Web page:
By Tom Smith
Airport apps. They sound sexy and cool. An airport with its own app appears so cutting edge.
But is an app the right strategy for your airport?
At two-plus years into the world of airport apps the trend is still fuzzy and business plans remain to be proven.
An airport faces three decisions when exploring the world of airport apps and mobile wayfinding.
- Decision one – develop a mobile version of the airport’s website.
- Decision two – develop your own branded airport app.
- Decision three – defer to a third-party app.
As part of an on-going Airport Cooperative Research Program paper on airport social media trends, a survey has found that of the 280 airports surveyed only 21 percent currently have a mobile website. The advantage of making an airport website smartphone-friendly is both the cost and the ability to control the information without a lot of technical know-how.
(Time out for definitions: A mobile website is a website that has been adapted for easy viewing on a smart phone or other mobile device. An app is a software application or program that needs to be downloaded and installed on your device.)
For example, Dallas-Fort Worth and Montréal chose to develop mobile sites before diving into airport apps. Montreal’s strategy is to grow the site and continually add new functionality and links. The airport now gets 100,000 to 125,000 visits per month on their mobile website.
The first mobile website that DFW rolled out was primarily text-based, like many mobile websites. It has since been re-designed extensively using icons and colorful graphics.
In their presentations, Montreal and DFW both said they are now exploring the next step – building their own app sites.
The key advantage of an airport-owned app site is that an airport has greater control of the site and can extend its brand. From a user perspective, an app has greater flexibility and functionality than a website, especially with its geo-location features.
A major problem with an airport-owned app is that few people may know it exists. A local traveler may be familiar with it and may have seen the local ads. However, a connecting traveler may miss the notices within the airport and never use it.
Minneapolis-St. Paul thought it had the best solution in 2010 when it paid to have its own app developed that would be part of the goHow network. The deal held out the possibility of sharing a revenue stream from advertisers.
In the end, the MSP site has generated about 24,000 users per year and not any revenue. The goHow network has been limited to less than a handful of full airport partners. In a deal that was implemented earlier this month, the network has been re-branded as FlySmart as new corporate partners become involved.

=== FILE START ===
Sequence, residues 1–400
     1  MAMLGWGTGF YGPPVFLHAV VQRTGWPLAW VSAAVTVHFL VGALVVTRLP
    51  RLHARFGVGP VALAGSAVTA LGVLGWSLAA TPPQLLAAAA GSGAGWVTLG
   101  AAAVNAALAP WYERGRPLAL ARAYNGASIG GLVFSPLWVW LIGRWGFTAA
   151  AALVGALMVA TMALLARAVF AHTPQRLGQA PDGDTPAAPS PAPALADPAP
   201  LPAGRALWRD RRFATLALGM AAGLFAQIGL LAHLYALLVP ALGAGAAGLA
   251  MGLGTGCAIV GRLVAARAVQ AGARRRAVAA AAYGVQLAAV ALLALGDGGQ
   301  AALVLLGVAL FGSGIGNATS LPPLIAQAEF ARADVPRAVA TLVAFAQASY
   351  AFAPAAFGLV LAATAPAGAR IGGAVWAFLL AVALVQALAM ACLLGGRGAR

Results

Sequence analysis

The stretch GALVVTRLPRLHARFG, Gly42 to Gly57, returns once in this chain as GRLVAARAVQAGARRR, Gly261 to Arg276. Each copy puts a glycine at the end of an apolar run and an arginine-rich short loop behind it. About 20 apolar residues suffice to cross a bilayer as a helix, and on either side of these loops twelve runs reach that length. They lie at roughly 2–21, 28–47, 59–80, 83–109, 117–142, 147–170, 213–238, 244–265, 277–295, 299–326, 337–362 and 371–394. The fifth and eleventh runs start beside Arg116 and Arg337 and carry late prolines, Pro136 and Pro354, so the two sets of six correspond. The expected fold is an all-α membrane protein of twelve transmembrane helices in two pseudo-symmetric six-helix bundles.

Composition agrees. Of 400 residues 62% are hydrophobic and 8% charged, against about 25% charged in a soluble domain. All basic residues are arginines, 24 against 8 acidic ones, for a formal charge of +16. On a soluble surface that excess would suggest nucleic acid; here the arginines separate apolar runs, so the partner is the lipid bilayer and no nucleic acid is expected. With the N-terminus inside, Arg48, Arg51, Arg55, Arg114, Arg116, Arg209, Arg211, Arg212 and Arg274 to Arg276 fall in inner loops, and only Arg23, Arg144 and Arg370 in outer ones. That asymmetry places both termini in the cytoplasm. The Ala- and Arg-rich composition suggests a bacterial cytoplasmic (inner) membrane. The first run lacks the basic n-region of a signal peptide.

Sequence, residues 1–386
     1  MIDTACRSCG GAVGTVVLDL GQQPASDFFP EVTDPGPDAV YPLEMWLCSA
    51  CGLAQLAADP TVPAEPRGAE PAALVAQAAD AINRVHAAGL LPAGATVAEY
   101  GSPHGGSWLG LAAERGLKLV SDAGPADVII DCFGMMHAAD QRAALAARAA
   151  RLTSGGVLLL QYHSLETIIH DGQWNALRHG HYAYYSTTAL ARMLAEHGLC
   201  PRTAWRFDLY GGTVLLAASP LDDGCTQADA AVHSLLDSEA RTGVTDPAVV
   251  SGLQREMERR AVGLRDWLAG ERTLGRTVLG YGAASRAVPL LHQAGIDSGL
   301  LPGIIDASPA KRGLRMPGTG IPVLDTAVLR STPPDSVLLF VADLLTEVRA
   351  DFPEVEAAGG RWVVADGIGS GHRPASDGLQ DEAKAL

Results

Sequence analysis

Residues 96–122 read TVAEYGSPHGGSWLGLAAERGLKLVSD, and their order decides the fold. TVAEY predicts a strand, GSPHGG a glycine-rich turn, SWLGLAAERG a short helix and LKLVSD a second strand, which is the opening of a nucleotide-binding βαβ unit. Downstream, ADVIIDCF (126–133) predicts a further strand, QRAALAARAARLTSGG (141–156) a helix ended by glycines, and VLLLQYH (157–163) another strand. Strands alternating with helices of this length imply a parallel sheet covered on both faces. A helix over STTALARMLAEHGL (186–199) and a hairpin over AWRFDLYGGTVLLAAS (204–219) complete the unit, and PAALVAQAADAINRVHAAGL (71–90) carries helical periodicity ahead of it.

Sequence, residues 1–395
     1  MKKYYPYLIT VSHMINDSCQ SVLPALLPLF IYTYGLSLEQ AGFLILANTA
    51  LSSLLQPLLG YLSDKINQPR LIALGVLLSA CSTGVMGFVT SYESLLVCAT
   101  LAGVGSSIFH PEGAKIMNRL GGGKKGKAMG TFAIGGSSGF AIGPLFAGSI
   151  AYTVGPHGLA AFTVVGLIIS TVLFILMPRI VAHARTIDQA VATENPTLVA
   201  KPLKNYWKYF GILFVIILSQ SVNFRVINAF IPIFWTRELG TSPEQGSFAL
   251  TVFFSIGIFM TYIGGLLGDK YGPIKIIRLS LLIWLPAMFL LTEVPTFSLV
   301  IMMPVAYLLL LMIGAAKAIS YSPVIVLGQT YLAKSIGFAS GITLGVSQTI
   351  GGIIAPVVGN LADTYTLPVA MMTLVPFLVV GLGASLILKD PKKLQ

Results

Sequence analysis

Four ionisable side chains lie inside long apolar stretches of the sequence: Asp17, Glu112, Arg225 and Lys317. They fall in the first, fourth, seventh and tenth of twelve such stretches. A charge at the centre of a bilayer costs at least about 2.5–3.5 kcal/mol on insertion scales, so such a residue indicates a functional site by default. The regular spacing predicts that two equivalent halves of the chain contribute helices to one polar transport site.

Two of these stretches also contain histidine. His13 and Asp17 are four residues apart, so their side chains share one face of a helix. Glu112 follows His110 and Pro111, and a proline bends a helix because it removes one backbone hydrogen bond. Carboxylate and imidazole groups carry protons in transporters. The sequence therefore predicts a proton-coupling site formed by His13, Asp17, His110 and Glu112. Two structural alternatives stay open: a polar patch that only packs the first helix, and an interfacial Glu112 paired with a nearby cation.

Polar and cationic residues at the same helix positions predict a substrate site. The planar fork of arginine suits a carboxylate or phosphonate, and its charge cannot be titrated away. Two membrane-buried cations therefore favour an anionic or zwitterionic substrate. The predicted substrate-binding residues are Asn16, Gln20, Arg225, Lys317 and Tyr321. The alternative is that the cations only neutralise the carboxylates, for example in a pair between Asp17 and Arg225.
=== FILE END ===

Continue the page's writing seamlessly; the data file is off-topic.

Third party airport apps run the gamut from those firms that simply harvest information from an airport’s website to those that develop a relationship with the airport. These firms provide free apps on most platforms and attempt to make their money through advertising and coupon deals.
There are more than a handful of these firms now distributing their apps. Two years ago when ACI-NA had its first airport app panel at the Marketing and Communications Conference in San Diego, one app maker predicted that within a year there would be a be shake-out and he speculated that Apple, Microsoft and Expedia were considering launching their own airport apps or buying one of the existing firms. It has now been two years and everything remains the status quo.
GateGuru, which has the highest profile, noted in its presentation in Sacramento that it now works with airports to update their databases as frequently as monthly. It has a program to provide coupon or discounts to various concessions within an airport.
While a third-party app may put an airport on the map at no cost, the airport has no control over its image and loses any branding opportunity. However, the third-party app is going to exist in the market place whether the airport cooperates or not so it is probably in the airport’s best interest to work with those third-party apps with a national reputation and a large user-base.
So what is the best strategy? Talk with your peers to see what is working best for them. An O&D airport could probably get by with a mobile website; however, it may make more sense for any airport with a substantial amount of connecting flights to thoroughly explore all the airport app options.